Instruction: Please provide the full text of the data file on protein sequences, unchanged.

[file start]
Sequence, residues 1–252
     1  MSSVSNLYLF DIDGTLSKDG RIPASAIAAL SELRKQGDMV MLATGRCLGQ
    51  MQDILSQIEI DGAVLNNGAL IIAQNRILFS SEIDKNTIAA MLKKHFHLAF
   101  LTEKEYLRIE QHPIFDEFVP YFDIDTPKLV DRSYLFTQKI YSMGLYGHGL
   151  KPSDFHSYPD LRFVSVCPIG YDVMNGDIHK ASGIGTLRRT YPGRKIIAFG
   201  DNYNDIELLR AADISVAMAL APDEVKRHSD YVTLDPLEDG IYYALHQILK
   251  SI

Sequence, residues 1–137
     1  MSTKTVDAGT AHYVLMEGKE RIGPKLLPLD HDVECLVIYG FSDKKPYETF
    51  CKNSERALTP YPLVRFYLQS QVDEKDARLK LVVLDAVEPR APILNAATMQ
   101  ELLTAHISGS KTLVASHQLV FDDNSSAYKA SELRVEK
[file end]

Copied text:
Sequence, residues 1–252
     1  MSSVSNLYLF DIDGTLSKDG RIPASAIAAL SELRKQGDMV MLATGRCLGQ
    51  MQDILSQIEI DGAVLNNGAL IIAQNRILFS SEIDKNTIAA MLKKHFHLAF
   101  LTEKEYLRIE QHPIFDEFVP YFDIDTPKLV DRSYLFTQKI YSMGLYGHGL
   151  KPSDFHSYPD LRFVSVCPIG YDVMNGDIHK ASGIGTLRRT YPGRKIIAFG
   201  DNYNDIELLR AADISVAMAL APDEVKRHSD YVTLDPLEDG IYYALHQILK
   251  SI

Sequence, residues 1–137
     1  MSTKTVDAGT AHYVLMEGKE RIGPKLLPLD HDVECLVIYG FSDKKPYETF
    51  CKNSERALTP YPLVRFYLQS QVDEKDARLK LVVLDAVEPR APILNAATMQ
   101  ELLTAHISGS KTLVASHQLV FDDNSSAYKA SELRVEK